Posted 06:53, 28 November 2014
- Cricket fan or not, it cannot have escaped your attention that 25 year old professional Australian cricketer Phillip Hughes died from being hit on the head by a cricket ball - check here for example. 25 years old, playing the sport he loved and he dies doing it - what a complete and utter tragedy. I am a big time cricket fan and I can’t really believe that a professional cricketer has died playing the game. Sure, you expect that batsmen are going to get hit from time to time, indeed fast bowling and the intimidation it can bring about are a part of the game - but a young batsman with his life ahead of him dying from a freak accident? It doesn’t happen in cricket, surely……………
- Do you ever look at whatever sport you might follow and remind yourself that for all the talent and skill these people have, for the most part they are mere youngsters with a life ahead of them after their professional sporting career is over. I love rugby and cricket with a passion, but there isn’t a professional rugby player or cricketer out there playing for any top tier side who is older than I am. All the more shocking is the fact that Phillips Hughes was only 25 and will play the sport he loved no more. Injuries are a part of what these guys do, but I can’t imagine that a batsman has ever walked out to bat and entertained the thought of dying from it. However scary the bowling was and however much these guys thought they could get hurt (the last Ashes series is a classic example), you don’t die from playing the sport you love…………
- It was a complete freak accident that I am sure is not about to change the way cricket is played. Accidents happen and this tragic accident happened to befall a young professional sportsman. Watch this short tribute video here and tell me you don’t choke up at what a hunger for life this youngster had. A life that has been tragically cut short. I feel for his family and friends. Phillip Hughes’ mother and sister were at the game when he was hit on the back of the head. I read the reports of the accident and fully expected to read about this cricketer leaving hospital with a few nasty bruises. Never did I expect to read that Phillip Hughes died.
- I’ll tell you who else I really feel for here, and that’s the bowler who delivered the fateful bouncer - Sean Abbott. Another youngster doing what he loved, and apparently a rising star of Aussie cricket. Fast bowlers bowl bouncers. It’s as much a part of their “job” as you doing what you do for your work. Batsmen expect to face bouncers and it’s all a part of the awesome sport that is cricket. But how is a youngster like Sean Abbott ever going to get over this? It was a freak accident and not remotely his fault, but how will he ever bowl fast again and be expected to bowl the odd bouncer when in the front of his mind will forever be the cruel fact that a ball he bowled ended up killing somebody? It isn’t right and I hugely respect how much the cricketing world is getting behind this guy, but how will he ever come to terms with it? Phillip Hughes, RIP. What a complete and utter shocker. It ain’t right, end of.
- Anyway, on Sunday night I am heading over to France on the Plymouth to Roscoff ferry. If the weather allows I will be getting out and taking some photos with the lad who designs the Fiiish lures, Matt, and then later in the week we have various meetings etc. at Fiiish HQ in Brest. Going to France is always cool as it is, and I can’t help but hope that I might get another taste of how awesome French bass fishing can be - as per our trip down there in November 2012 - check out some photos here. But as per Nick’s short video clip above from that trip, I am also hoping that the sea isn’t like this!! I will never forget those few days, and my respect for the way that some of these French anglers go about their sport is immense. I’ll try and keep the blog updated next week, as much as time and internet access allows. You all have a good weekend.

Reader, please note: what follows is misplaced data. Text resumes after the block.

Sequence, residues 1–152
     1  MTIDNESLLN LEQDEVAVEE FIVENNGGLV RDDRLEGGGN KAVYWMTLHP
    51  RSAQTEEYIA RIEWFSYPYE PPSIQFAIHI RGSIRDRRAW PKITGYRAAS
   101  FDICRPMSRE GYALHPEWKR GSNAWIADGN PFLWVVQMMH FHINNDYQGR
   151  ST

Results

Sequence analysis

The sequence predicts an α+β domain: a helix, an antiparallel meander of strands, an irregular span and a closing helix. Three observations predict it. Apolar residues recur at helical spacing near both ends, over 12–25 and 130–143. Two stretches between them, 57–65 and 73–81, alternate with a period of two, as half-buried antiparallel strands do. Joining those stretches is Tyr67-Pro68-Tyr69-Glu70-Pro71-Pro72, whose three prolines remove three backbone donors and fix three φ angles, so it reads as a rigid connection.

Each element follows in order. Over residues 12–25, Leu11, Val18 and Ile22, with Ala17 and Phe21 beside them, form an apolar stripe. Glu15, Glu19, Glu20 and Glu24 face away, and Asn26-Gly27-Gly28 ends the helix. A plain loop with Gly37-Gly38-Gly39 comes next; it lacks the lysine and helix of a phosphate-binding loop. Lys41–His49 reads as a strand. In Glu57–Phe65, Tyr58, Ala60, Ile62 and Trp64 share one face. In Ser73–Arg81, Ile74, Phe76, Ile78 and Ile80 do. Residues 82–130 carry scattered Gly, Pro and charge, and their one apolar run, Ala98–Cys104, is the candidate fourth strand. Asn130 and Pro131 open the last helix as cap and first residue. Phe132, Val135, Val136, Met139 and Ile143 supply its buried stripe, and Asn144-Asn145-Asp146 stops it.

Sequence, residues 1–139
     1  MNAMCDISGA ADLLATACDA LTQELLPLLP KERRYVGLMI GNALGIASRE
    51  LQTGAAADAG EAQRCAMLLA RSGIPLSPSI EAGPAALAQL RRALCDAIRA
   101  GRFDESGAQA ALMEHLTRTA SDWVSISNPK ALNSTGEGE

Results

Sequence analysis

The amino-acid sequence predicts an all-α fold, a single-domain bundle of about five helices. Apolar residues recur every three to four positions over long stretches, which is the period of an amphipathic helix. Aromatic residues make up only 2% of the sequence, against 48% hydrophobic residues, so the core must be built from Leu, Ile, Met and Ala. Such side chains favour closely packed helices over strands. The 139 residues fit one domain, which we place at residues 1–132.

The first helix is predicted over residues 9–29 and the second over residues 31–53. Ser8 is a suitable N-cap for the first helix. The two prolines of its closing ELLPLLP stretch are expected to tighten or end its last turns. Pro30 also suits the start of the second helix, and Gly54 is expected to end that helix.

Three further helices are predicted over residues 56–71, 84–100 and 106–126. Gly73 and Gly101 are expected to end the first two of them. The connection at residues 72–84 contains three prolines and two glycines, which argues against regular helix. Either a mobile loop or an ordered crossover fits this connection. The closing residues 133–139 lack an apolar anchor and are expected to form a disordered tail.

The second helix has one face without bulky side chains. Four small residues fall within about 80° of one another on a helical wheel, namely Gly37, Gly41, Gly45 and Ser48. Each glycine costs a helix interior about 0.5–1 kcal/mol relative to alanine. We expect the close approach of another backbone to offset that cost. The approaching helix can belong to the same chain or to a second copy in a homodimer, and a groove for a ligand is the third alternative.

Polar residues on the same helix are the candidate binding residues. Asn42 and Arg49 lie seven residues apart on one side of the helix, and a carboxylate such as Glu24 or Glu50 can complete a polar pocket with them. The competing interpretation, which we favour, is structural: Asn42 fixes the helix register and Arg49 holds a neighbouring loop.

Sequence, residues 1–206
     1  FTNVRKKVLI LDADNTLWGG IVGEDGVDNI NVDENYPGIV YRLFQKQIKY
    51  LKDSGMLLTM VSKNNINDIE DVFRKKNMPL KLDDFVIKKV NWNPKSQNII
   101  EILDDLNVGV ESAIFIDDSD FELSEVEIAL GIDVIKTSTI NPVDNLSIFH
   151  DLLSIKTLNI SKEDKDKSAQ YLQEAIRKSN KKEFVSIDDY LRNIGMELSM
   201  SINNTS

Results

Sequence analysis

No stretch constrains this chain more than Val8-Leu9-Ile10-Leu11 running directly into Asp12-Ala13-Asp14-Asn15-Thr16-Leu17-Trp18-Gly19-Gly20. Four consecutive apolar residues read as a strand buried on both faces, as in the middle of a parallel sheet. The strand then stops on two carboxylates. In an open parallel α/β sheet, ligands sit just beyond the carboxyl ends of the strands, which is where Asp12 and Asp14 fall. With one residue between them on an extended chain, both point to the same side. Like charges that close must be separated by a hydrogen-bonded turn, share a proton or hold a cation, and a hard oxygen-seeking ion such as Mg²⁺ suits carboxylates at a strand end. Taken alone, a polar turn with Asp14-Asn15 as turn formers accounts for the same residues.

Posted 08:03, 26 November 2014
- I was out the other day in some conditions that were verging on unfishable, and it got me thinking about how some of the lures I was carrying were essentially useless when faced with the raging bit of sea I was trying to catch bass from. A really shallow diving hard lure is obviously designed to work near the surface, and if near the surface is very turbulent then for the most part it ain’t going to “grip” in - not the lure’s fault, rather our fault for putting on the wrong lure for the conditions. To be honest I was mostly checking out some new ground and working out how much sea it could take before filling up with colour and weed, but once more it rammed home to me how some of these little bits of (not cheap) plastic are often some pretty amazing little things really.
- I am sure like me you have a few lures that you turn to when conditions get really bouncy, and if we take various soft plastics out of the mix here, what for you are the lures that “bite” in the best? The lures that get you out there into a strong headwind, grip in hard on the retrieve and thus put you in with a shout at catching fish. How rough is rough I suppose, but you know what I’m talking about - those times you have to keep a close eye on the surging waves and have quite possibly getting the hell out of the way if required. These times though can be when serious bass turn up, as per the photo above - a 10lb south coast Irish bass taken on the MegaBass Zonk Gataride in that pearl colour if I remember rightly. Without doubt one of those lures for me that I trust to keep me fishing in these kinds of conditions………..
- I really like the look of the MegaBass X-80 Magnum, indeed it kind of crept up on me as one of the longest casting minnow type hard lures I have come across, and it just “bites” so hard into a sea and keeps you fishing. I know it might not look like it, but this thing just arrows into the wind. I haven’t caught a bass on this lure yet, albeit I probably haven’t given it enough time yet. Have any of you had good bass fishing on this lure?
- One of the hard lures I would never be without now when the conditions are on the bouncy side, the IMA Hound 125F Glide, or whatever variation on the Hound “family”. I just liked the look of this lure from the off, and it obviously helps when a new lure works almost straight away for you, as per the fish above. Confidence is key is it not? There’s nothing radical or very different about the action, indeed many lures are simply variations on another are they not, and by whatever process we stumble upon the ones that work for us. This Hound Glide gets me out there and keeps me fishing, and because I have caught on it before I therefore feel confident that the lure will do it for me if there are feeding fish around. It’s a missile of a lure. Obviously I am not remotely excited that there’s a slightly larger and heavier 140mm version of this lure coming out soon……….